1. A false alarm occurs when a tool reports an error, but the program the tool is analyzing does not contain an error. Can a tool that reports a false alarm be sound? Complete?
  2. Suppose a company sets up an Android app marketplace for its employees. The company is going to use an analysis tool to check apps for security vulnerabilities before it promotes them to its employees. Which tool property is critical to the company for this purpose: soundness or completeness?
  3. Theoretically, suppose a tool is both sound and complete. When the tool is used to analyze the following code that may contain a vulnerability, what property of the loop determines whether the tool will report an error?
          int main()
            int x = 0;
            while ( x < 10 ) { /* loop while x is less than 10 */
                 ...  /* do some stuff that is secure but might change the value of x  */
            ... /* do something insecure */;

Problem 5: Unix access control

In Unix, every process has a real user id (ruid), an effective user id (euid), and a saved user id (suid). Processes with an euid of 0 have special root privileges.
  1. If a process with user id n forks to create another process, what user id does the new process have? (Hint: it's the same answer for euid, ruid, and suid.)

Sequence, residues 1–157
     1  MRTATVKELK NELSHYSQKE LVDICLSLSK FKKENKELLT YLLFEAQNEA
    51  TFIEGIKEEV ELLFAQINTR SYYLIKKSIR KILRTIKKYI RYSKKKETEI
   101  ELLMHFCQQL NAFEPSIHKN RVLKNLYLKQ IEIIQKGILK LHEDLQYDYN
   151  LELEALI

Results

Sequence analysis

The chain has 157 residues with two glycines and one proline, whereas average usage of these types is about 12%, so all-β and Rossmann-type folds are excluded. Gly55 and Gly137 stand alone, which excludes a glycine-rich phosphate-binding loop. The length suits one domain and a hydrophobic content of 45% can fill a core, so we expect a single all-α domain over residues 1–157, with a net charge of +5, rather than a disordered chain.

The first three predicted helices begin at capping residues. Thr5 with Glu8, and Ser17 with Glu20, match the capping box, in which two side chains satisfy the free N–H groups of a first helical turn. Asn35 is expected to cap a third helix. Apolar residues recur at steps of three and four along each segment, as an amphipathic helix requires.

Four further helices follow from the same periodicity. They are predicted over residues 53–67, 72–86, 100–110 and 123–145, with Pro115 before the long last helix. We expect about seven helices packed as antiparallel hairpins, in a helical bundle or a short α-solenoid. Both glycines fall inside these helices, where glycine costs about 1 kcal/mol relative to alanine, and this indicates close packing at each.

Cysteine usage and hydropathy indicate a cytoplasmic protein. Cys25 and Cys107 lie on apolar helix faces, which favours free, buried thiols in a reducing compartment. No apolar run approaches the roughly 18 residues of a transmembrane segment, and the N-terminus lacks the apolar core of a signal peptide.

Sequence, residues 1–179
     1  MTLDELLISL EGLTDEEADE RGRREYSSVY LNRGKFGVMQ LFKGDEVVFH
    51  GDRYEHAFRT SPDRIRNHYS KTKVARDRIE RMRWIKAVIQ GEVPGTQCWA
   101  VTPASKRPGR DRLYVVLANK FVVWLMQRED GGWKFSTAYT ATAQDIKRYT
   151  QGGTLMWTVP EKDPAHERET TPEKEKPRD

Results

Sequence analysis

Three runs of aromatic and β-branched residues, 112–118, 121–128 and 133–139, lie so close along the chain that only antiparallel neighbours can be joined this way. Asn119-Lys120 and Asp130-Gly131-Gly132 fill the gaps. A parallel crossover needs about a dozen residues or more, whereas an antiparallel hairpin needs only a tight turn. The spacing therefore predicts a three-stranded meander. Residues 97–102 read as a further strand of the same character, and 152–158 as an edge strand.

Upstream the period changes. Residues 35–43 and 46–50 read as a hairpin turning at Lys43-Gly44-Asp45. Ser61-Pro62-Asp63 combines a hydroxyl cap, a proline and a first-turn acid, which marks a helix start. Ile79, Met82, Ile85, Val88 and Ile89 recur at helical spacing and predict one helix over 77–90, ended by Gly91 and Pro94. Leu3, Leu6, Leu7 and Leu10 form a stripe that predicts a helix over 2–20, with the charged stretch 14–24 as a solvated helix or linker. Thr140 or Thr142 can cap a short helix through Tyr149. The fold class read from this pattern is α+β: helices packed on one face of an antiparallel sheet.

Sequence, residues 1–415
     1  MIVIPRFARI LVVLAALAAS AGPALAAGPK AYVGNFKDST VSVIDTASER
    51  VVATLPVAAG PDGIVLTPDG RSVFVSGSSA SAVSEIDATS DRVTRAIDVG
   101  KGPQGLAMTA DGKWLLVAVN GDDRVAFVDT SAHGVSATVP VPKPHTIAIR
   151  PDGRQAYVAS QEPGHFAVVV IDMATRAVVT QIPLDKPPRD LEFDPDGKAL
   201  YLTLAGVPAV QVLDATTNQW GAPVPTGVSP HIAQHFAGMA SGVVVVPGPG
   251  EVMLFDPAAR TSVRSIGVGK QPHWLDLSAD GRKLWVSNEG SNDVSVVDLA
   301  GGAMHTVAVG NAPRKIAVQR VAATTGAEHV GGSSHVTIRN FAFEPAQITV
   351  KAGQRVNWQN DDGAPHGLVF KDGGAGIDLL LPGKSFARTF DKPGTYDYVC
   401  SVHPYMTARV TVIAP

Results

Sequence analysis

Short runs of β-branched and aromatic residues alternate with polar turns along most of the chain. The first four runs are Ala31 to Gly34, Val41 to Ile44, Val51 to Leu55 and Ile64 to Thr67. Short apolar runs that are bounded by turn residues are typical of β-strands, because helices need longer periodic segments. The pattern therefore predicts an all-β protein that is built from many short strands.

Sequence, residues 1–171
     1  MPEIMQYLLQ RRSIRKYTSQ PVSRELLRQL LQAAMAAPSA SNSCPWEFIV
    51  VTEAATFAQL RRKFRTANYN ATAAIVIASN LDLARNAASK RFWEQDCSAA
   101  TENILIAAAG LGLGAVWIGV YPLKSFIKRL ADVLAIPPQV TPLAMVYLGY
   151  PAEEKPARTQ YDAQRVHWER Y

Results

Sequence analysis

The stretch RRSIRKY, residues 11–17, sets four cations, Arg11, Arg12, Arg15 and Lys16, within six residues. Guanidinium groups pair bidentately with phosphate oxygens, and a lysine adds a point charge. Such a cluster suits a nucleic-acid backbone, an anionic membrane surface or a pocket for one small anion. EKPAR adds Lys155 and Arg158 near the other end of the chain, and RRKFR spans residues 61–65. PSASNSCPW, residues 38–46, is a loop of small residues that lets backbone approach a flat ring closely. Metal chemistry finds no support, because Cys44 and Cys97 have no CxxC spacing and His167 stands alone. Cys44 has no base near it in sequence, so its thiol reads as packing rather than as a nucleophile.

2. If a process with euid n makes a setuid system call, what possible euids can the process run with after the call, in each of the following situations:
    1. Before: euid = n > 0, saved user id suid=m and real user id ruid = m. After:?
    2. Before: n=0 After:?
  3. In qmail, most modules run under separate user ids. Similarly, each Android application runs in a separate process using a separate user id. From a security standpoint, what is the advantage of assigning separate uids instead of using the same uid for all? Explain.
  4. Why should the separate uids be non-zero?
  5. The Android zygote process that creates new processes runs as root. After forking to create a new process, setuid is normally called. Explain why it is important to call setuid? What security purpose does this serve?
  6. In most modern UNIX systems only root is allows to execute the ’chown’ command. You might wonder why: if Alice wants to transfer ownership of her file to Bob, why should this be prohibited? Describe the risks associated with the ’chown’ command and give a practical example of an attack that would have been possible if a user were allowed to arbitrarily change the owner of her files.

Problem 6: TOCTOU

Consider the following code snippet:

  if (access("./file.dat", W_OK) != 0) return;   // check that the real user can write to the file
  sleep(10);                                     // Sleep for 10 seconds.
  fd = open("./file.dat", O_WRONLY);
  write(fd, buf, sizeof(buf));
  1. Suppose this code is running as a setuid root program. The call to access checks that real user who executed the setuid program is allowed to write the file (i.e., access checks the real userid rather than effective userid). Give an example of how this code can lead to unexpected behavior that could cause a security problem. (try using symbolic links.)
  2. Suppose the sleep(10) is removed from the code above. Could the problem you identified in part (a) still occur? Please explain.
  3. How would you fix the code to prevent the problem from part (a)?